The reality is that using your expertise as a writer means going beyond your writing experiences to utilize your know-how in networking. Trying to learn how to use your camera more effectively to capture images to complement your articles? Then pitch a how-to on the same topic. That’s what I did with “More Than Snapshots: Take Your Own Pictures” (Writer’s Guide to 2011). My article on photography tips for writers definitely isn’t based on my own ho-hum skills. I interviewed professional photographers, including wedding photographer Jose Villa, who was happy to share his craft with my readers and me.
Question and answer articles and industry profiles also come into being based on interviews. Maybe you know the person that you want to interview. That’s generally the easiest way to do it because you can talk to her before pitching to your editor. Sometimes, you’ve met someone else who knows this person. That’s how I got an interview with Egmont publisher Elizabeth Law after meeting one of her editors at a conference.
Once you start making sales and have editors that you regularly work with, getting interviews gets much easier. Until then, publicity hungry writers may be your best bet. Sometimes, it isn’t what you know, but whom you have access to that makes the sale.
Fortunately, writing articles isn’t the only way that you can bank on your experience as a writer. Once you’ve developed expertise in one particular area of writing, it may be time to move beyond simple articles. My favorite example of this comes from my friend, Darcy Pattison.
An analytic writer, Darcy honed a series of techniques that she used in rewriting her work, taking it from the story she had managed to get on paper to the piece she intended to write all along. She parlayed this ability into a weekend-long revision retreat, complete with a workbook of exercises for the participants. These exercises and the accompanying lectures evolved into a book, Novel Metamorphosis (Mime House).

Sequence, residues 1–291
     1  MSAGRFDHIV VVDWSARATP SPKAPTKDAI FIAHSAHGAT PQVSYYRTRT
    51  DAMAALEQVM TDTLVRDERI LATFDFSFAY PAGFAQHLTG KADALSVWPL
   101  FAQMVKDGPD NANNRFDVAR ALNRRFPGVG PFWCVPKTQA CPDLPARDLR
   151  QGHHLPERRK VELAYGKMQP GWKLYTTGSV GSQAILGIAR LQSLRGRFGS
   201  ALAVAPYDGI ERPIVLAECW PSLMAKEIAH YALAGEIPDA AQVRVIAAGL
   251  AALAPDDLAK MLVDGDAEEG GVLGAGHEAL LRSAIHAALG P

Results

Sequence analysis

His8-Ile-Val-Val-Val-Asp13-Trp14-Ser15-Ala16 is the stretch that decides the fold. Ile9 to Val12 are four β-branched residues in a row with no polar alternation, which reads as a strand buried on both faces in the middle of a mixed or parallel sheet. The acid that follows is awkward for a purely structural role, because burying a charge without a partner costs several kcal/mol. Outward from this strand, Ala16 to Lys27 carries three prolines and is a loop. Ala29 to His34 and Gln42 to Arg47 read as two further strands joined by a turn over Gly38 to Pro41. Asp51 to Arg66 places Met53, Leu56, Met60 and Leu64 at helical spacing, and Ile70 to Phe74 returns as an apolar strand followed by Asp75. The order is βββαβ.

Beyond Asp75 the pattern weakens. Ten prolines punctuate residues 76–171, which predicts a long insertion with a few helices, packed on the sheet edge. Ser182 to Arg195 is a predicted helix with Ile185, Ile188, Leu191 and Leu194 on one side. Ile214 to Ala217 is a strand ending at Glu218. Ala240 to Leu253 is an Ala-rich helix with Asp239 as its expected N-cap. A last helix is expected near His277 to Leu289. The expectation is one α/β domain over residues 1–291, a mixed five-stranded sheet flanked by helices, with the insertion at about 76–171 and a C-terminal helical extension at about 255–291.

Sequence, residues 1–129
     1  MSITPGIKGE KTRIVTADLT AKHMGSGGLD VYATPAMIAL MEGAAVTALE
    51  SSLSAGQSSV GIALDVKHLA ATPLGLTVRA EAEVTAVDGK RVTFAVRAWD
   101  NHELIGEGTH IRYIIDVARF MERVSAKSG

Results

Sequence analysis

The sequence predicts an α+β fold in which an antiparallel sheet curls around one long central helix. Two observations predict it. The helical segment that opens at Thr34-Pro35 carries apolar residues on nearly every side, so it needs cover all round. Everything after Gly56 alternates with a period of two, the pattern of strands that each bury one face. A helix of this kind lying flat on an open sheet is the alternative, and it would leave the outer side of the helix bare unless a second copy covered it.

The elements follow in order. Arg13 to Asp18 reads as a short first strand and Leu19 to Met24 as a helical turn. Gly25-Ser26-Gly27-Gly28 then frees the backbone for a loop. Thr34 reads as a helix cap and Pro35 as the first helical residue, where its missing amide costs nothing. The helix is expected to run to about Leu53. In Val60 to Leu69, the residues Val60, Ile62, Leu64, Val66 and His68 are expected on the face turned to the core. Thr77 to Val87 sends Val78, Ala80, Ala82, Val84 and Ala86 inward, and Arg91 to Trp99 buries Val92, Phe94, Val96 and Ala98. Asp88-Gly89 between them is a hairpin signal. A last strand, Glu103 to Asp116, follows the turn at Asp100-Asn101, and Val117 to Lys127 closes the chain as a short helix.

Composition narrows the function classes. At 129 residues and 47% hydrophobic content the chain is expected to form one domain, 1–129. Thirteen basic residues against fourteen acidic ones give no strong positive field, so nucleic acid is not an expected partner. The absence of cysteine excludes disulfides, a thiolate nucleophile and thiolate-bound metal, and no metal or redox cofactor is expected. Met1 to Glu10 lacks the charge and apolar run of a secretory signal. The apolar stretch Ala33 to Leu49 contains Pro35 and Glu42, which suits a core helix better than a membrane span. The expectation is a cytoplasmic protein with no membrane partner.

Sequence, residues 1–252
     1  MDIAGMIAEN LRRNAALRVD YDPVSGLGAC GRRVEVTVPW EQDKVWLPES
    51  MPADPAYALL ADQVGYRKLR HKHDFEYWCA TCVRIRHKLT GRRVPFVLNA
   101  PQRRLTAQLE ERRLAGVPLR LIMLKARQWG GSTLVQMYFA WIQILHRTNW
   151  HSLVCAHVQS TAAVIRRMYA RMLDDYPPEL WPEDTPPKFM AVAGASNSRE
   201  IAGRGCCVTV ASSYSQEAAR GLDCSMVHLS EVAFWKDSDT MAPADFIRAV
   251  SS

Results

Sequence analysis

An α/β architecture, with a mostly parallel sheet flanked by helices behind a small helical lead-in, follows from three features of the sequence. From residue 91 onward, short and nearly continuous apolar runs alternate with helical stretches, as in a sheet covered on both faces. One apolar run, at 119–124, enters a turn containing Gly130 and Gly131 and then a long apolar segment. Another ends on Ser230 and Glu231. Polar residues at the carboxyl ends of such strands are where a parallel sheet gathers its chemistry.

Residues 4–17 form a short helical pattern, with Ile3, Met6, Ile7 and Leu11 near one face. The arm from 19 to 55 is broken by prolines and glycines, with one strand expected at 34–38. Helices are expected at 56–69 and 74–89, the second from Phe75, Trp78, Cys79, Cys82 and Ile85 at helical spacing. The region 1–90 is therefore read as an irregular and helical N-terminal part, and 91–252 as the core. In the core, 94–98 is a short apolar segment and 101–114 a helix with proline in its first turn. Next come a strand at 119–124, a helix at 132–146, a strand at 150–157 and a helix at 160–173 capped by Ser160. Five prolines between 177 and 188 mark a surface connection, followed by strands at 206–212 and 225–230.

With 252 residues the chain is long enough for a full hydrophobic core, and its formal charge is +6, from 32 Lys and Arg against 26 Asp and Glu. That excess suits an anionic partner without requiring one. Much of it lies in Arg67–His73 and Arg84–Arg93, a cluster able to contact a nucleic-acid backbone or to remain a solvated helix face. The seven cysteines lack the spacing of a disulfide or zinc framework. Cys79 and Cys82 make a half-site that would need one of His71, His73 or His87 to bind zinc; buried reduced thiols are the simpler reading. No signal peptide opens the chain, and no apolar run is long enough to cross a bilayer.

Whether your skill is characterization, research, or self-promotion, once you’ve got it down and have a series of articles to your credit, think about writing a book. I’m in the process of looking over my articles to see if I have enough material in any one area for a book. Pattison’s volume is ten chapters long. Twenty-three chapters make up Dinty W. Moore’s Crafting the Personal Essay. Steve Kowit’s In the Palm of Your Hand: The Poet’s Portable Workshop is thirty chapters long. If I don’t have enough to rely on my own expertise, I could expand on my knowledge by interviewing my fellow writers.
Talk All About It
Even if I’m not quite ready for a book, there is one final way to bank on my expertise as a writer—public speaking. You can offer your own writing event, like Pattison did, or you can make yourself available as a conference or workshop speaker.
Start by looking at the organizations in which you are a member. I’ve spoken at SCBWI events throughout Missouri. As a retired regional advisor, I would also be a first choice speaker in surrounding regions that know not only my reputation, but also the fact that I have worked for the same goals they strive to meet.
After you look at organizations to which you are linked, look for similar organizations in your region. I have spoken to the St. Louis Writer’s Guild as well as another chapter of the Missouri Writer’s Guild. Depending on what you write, other possibilities might include the Romance Writers of America or Sisters in Crime. With so many organizations seeking speakers, the possibilities are endless if you put together a top-notch program—not to mention, a top-notch program can become a book.